The board agreed to adopt a redistricting plan on Dec. 7. The public hearing record has been left open, allowing written comments to be accepted until the vote.

Local Process Differs from State

Redistricting is legally required every 10 years in conjunction with each new Census to ensure electoral districts have proportional representation.

According to the 2020 Census, Fairfax County’s population grew 6%, from less than 1.082 million in 2010 to over 1.15 million in 2020, and it is now a minority-majority locality, with notable growth in its Asian and Hispanic populations.

Board of Supervisors Chairman Jeff McKay contrasted the county’s redistricting process with the one currently underway at the state level, where the new Virginia Redistricting Commission succumbed to the partisan gridlock it was intended to prevent.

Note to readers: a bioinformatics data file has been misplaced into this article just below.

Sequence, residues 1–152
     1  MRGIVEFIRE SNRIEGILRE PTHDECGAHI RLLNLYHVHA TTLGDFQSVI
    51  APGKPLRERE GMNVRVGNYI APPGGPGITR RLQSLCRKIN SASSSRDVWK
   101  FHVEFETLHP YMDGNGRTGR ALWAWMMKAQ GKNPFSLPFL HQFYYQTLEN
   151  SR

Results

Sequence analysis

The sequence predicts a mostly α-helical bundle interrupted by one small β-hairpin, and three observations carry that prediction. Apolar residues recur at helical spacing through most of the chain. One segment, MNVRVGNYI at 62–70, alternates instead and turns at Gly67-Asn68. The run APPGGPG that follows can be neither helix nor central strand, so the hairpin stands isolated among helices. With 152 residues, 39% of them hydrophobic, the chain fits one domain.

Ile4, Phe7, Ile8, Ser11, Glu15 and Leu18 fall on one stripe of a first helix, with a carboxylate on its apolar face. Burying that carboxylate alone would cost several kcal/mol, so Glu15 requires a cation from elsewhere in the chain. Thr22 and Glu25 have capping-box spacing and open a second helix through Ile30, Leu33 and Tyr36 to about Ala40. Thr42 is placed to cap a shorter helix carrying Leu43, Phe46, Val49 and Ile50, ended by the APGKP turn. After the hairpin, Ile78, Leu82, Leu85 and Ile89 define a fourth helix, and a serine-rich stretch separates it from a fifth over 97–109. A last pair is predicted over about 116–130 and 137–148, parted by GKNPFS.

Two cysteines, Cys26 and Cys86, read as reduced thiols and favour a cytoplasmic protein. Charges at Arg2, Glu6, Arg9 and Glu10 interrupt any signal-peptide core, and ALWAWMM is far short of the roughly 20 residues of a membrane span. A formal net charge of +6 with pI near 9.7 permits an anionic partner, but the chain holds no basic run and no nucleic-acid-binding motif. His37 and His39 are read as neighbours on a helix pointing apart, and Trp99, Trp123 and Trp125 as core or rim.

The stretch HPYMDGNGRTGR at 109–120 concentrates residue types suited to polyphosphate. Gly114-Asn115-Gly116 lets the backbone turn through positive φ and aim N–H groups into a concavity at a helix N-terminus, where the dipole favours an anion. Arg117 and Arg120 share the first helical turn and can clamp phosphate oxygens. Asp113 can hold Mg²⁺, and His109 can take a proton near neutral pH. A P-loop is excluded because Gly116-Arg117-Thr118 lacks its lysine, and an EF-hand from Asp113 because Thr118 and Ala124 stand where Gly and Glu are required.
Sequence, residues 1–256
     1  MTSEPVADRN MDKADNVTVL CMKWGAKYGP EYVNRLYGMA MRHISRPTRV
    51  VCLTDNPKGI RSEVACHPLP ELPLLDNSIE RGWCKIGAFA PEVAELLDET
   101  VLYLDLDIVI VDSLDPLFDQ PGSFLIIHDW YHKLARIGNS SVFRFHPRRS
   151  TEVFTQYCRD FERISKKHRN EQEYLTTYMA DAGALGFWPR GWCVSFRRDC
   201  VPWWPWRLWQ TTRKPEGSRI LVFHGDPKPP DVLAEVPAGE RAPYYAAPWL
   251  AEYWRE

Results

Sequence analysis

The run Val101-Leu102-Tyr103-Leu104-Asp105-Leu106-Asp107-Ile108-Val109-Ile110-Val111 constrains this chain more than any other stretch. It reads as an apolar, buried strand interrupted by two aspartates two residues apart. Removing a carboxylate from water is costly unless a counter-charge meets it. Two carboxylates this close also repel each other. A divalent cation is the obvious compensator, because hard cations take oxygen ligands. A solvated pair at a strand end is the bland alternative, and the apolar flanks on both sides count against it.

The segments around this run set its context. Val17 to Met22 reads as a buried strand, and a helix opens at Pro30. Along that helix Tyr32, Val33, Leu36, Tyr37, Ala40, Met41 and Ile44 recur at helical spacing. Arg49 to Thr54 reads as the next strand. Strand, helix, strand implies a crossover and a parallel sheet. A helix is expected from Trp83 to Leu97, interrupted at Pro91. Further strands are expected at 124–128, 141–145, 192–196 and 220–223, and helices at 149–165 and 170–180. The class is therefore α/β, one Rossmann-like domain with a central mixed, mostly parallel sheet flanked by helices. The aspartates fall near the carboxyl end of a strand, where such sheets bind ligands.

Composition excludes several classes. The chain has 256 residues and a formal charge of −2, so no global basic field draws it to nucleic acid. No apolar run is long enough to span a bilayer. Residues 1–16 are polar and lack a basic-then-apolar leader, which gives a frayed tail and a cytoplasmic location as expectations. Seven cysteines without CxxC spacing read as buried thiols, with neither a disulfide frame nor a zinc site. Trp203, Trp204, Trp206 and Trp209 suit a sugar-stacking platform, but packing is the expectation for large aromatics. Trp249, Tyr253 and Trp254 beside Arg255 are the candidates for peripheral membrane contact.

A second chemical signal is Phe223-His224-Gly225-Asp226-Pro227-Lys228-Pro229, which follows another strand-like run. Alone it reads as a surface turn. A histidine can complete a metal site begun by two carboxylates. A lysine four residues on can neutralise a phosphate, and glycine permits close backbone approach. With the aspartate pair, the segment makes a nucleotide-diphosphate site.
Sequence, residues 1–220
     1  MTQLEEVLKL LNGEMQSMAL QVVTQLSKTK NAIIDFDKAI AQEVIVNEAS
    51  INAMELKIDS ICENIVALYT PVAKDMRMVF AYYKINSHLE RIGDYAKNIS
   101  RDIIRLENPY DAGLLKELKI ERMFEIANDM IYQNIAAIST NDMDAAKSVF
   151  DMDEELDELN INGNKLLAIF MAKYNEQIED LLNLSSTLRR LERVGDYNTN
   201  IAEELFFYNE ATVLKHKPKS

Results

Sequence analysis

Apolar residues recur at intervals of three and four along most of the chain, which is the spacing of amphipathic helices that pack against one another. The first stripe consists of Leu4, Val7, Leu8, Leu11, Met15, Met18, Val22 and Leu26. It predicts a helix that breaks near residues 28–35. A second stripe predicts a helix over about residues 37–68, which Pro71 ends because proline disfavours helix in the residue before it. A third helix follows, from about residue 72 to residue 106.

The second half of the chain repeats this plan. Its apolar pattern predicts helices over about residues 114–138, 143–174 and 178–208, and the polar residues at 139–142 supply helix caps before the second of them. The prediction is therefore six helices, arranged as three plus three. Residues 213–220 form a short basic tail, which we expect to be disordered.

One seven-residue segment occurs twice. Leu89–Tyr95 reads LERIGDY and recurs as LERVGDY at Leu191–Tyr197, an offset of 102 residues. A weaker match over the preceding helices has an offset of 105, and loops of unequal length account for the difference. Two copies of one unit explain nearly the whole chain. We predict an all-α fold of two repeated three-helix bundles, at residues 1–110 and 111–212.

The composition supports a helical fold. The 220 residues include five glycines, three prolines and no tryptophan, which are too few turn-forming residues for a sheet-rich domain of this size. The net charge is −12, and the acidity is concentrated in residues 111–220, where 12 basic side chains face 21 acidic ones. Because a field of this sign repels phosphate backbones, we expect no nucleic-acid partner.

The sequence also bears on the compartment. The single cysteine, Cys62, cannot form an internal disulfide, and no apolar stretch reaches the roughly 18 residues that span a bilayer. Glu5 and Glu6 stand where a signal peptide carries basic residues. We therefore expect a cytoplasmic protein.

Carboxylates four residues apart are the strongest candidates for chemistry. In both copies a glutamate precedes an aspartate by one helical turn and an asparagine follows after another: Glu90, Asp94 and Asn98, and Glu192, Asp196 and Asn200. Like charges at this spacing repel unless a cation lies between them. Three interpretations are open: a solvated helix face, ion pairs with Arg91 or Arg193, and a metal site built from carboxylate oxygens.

The Commonwealth’s new General Assembly and congressional districts will now be drawn by the Virginia Supreme Court instead.

This is a very different process than used in Richmond for redistricting,” McKay said. “I, in past lives, have served on a redistricting committee myself, as has [Hunter Mill District] Supervisor [Walter] Alcorn, and I can attest how open and transparent our process is and a model for how you do redistricting.”

Berry, a substitute teacher for Fairfax County Public Schools, said the effort was 100% citizen-led, drawing more proposals than any previous redistricting effort in the county. RAC members came up with 24 maps, and the public submitted 40, an increase from three in 2011.

Equity, Development Among Concerns